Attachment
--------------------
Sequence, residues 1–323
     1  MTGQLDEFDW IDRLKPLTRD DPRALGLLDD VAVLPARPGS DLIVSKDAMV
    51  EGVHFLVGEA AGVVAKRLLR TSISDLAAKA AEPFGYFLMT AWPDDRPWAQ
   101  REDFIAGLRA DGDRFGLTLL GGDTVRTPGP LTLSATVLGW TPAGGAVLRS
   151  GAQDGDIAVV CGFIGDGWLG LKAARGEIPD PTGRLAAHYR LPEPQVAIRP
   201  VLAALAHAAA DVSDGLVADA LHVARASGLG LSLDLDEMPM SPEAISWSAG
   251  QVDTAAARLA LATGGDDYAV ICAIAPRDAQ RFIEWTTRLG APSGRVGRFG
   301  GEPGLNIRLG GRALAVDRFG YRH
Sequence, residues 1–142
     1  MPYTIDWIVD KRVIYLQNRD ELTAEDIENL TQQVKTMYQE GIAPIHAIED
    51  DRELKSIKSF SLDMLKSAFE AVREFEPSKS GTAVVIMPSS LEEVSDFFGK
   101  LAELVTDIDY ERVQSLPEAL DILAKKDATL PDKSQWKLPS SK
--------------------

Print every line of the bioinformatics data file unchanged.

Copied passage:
Sequence, residues 1–323
     1  MTGQLDEFDW IDRLKPLTRD DPRALGLLDD VAVLPARPGS DLIVSKDAMV
    51  EGVHFLVGEA AGVVAKRLLR TSISDLAAKA AEPFGYFLMT AWPDDRPWAQ
   101  REDFIAGLRA DGDRFGLTLL GGDTVRTPGP LTLSATVLGW TPAGGAVLRS
   151  GAQDGDIAVV CGFIGDGWLG LKAARGEIPD PTGRLAAHYR LPEPQVAIRP
   201  VLAALAHAAA DVSDGLVADA LHVARASGLG LSLDLDEMPM SPEAISWSAG
   251  QVDTAAARLA LATGGDDYAV ICAIAPRDAQ RFIEWTTRLG APSGRVGRFG
   301  GEPGLNIRLG GRALAVDRFG YRH
Sequence, residues 1–142
     1  MPYTIDWIVD KRVIYLQNRD ELTAEDIENL TQQVKTMYQE GIAPIHAIED
    51  DRELKSIKSF SLDMLKSAFE AVREFEPSKS GTAVVIMPSS LEEVSDFFGK
   101  LAELVTDIDY ERVQSLPEAL DILAKKDATL PDKSQWKLPS SK